“Torque” isn’t just a terrible movie from 2004…

…it’s also an important concept that many of my physics students have studied recently.

Conceptually, torque is the quantity required to make an object rotate around a given point. I’m being very careful to avoid phrases like “how hard you have to turn something”, because there are ways to increase your torque without increasing the force you’re applying.

Distance from the point the object is rotating around is also a factor, as evidenced by the device I found in my parents’ kitchen.

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This photo is from Amazon, but I think my parents got theirs from the kitchen supplies equivalent of an Avon rep.

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Come for the cat video, stay for the science…

This showed up in my Facebook feed the other day.

As I watched this video about six or seven times in a row, you know I couldn’t help but consider the physics behind the poor kitty’s plight. We’ve discussed how an object only changes its motion (starts moving, stops moving, changes speed, changes direction) if an overall force acts on it. When a cat jumps off the floor, what’s applying the force that allows her to start moving upward?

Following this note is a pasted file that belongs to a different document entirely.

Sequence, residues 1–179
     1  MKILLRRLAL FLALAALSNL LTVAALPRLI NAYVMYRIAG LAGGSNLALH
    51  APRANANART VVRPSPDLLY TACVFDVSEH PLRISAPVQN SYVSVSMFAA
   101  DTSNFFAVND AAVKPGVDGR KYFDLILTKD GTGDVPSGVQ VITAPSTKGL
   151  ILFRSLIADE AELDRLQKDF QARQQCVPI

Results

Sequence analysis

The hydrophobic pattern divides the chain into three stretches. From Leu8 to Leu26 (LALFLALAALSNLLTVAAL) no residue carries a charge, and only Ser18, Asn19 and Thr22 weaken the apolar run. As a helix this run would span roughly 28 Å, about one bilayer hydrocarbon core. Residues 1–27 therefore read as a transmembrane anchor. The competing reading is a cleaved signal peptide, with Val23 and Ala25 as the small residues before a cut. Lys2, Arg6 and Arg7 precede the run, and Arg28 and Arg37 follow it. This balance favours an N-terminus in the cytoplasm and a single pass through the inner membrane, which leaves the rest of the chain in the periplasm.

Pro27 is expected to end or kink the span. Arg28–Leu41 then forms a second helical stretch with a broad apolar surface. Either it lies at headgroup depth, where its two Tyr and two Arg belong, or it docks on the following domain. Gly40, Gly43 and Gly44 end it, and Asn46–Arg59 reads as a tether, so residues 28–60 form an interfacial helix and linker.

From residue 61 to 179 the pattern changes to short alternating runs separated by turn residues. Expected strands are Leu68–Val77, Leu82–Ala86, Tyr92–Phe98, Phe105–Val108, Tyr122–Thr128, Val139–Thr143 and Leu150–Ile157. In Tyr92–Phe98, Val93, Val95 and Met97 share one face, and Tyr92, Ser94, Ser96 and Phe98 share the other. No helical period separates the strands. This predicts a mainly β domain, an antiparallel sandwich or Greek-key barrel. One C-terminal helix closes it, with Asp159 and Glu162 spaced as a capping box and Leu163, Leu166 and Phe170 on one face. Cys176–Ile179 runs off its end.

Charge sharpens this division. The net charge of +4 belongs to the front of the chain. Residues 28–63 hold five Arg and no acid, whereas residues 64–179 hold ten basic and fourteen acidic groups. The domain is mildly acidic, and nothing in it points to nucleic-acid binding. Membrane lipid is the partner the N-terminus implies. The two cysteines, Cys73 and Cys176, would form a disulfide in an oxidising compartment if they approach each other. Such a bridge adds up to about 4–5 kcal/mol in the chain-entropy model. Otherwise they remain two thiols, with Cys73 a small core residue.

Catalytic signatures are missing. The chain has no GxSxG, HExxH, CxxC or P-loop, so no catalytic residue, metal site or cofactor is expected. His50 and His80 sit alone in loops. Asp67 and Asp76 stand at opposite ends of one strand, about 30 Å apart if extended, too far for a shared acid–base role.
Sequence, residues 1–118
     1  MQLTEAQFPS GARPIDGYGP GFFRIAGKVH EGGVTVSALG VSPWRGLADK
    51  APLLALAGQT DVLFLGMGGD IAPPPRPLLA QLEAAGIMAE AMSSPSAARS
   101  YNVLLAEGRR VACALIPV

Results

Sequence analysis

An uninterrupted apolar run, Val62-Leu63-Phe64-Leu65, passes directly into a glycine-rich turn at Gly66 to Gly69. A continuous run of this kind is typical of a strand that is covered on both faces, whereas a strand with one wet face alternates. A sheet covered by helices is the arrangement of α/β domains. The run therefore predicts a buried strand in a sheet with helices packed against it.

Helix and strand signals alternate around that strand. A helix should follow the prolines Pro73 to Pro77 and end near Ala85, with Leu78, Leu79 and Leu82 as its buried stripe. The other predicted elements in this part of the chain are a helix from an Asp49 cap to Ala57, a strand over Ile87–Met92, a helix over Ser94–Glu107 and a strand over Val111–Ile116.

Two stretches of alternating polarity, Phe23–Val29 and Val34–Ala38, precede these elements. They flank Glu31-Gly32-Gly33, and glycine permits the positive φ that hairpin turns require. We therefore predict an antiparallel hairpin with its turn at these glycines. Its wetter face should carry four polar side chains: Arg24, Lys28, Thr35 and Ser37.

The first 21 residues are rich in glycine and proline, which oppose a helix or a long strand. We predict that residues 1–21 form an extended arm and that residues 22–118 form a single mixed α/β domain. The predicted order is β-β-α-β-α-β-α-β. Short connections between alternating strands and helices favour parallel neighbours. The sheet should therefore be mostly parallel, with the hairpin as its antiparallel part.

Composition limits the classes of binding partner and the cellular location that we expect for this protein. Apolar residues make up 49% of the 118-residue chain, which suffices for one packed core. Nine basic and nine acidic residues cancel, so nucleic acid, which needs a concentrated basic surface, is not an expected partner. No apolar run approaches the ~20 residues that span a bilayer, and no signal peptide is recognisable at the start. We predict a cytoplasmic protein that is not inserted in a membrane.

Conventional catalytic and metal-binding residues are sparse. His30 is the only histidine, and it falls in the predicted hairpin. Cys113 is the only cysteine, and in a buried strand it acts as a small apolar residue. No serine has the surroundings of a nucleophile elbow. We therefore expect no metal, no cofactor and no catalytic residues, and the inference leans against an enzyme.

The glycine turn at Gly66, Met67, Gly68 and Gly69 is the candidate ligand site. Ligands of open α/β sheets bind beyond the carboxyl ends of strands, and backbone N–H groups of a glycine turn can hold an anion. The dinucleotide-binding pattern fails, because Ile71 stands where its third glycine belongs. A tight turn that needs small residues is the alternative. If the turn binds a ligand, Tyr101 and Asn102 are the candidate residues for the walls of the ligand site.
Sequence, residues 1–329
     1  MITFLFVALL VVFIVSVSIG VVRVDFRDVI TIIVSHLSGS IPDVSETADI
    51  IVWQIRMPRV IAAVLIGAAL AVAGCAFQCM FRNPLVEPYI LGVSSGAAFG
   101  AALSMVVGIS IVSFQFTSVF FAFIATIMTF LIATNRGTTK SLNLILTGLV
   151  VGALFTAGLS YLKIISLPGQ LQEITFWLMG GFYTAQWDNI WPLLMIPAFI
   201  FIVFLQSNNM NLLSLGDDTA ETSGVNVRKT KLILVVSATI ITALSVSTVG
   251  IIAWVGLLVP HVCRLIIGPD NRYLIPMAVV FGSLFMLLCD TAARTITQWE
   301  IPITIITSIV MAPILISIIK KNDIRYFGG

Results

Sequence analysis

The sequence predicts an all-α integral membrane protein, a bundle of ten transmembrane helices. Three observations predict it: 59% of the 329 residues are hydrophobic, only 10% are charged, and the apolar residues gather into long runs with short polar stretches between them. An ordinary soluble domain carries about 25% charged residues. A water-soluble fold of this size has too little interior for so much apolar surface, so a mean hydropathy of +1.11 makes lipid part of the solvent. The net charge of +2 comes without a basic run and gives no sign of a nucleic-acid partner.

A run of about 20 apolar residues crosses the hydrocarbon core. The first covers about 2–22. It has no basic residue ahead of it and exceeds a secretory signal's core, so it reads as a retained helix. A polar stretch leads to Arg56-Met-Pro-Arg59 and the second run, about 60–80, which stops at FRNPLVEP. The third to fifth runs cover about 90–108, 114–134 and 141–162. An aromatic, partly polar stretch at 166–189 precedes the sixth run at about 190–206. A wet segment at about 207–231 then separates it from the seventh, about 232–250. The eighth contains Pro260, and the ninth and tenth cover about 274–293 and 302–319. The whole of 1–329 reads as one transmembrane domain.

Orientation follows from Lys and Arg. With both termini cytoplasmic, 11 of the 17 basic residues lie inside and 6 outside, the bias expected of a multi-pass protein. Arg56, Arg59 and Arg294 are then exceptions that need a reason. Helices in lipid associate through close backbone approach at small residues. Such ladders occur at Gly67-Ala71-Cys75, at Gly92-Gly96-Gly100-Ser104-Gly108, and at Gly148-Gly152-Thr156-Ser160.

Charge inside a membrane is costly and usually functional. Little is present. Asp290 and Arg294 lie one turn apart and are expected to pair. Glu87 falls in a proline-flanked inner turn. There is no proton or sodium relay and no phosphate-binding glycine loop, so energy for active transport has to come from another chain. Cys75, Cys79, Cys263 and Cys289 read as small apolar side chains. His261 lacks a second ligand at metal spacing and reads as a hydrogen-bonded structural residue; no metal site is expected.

Oddly enough, the floor is.

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I can sense you coming closer…

The science museum that I volunteer at recently opened up the traveling math exhibit that I’ve been looking forward to for a while. One of the activities features a piece of equipment that, as a physics student/teacher, is near and dear to my heart: the motion sensor. As you walk towards and away from the sensor, it records how far away you are and plots this distance on a graph.

It’s a nifty setup that gets people thinking about how motion can be described both visually and mathematically, but it does raise the question: how does the sensor know how far away you are?

The explanation is best illustrated with a game of catch.

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